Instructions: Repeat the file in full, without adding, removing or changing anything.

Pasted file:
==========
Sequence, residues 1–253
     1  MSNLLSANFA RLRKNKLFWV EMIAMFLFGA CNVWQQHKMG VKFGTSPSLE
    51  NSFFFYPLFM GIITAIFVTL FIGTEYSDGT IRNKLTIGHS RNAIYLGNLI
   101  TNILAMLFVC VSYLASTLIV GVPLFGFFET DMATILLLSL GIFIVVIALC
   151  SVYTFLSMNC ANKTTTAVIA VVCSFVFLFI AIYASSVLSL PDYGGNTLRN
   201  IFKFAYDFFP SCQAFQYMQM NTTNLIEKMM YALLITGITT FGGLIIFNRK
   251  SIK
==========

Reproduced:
Sequence, residues 1–253
     1  MSNLLSANFA RLRKNKLFWV EMIAMFLFGA CNVWQQHKMG VKFGTSPSLE
    51  NSFFFYPLFM GIITAIFVTL FIGTEYSDGT IRNKLTIGHS RNAIYLGNLI
   101  TNILAMLFVC VSYLASTLIV GVPLFGFFET DMATILLLSL GIFIVVIALC
   151  SVYTFLSMNC ANKTTTAVIA VVCSFVFLFI AIYASSVLSL PDYGGNTLRN
   201  IFKFAYDFFP SCQAFQYMQM NTTNLIEKMM YALLITGITT FGGLIIFNRK
   251  SIK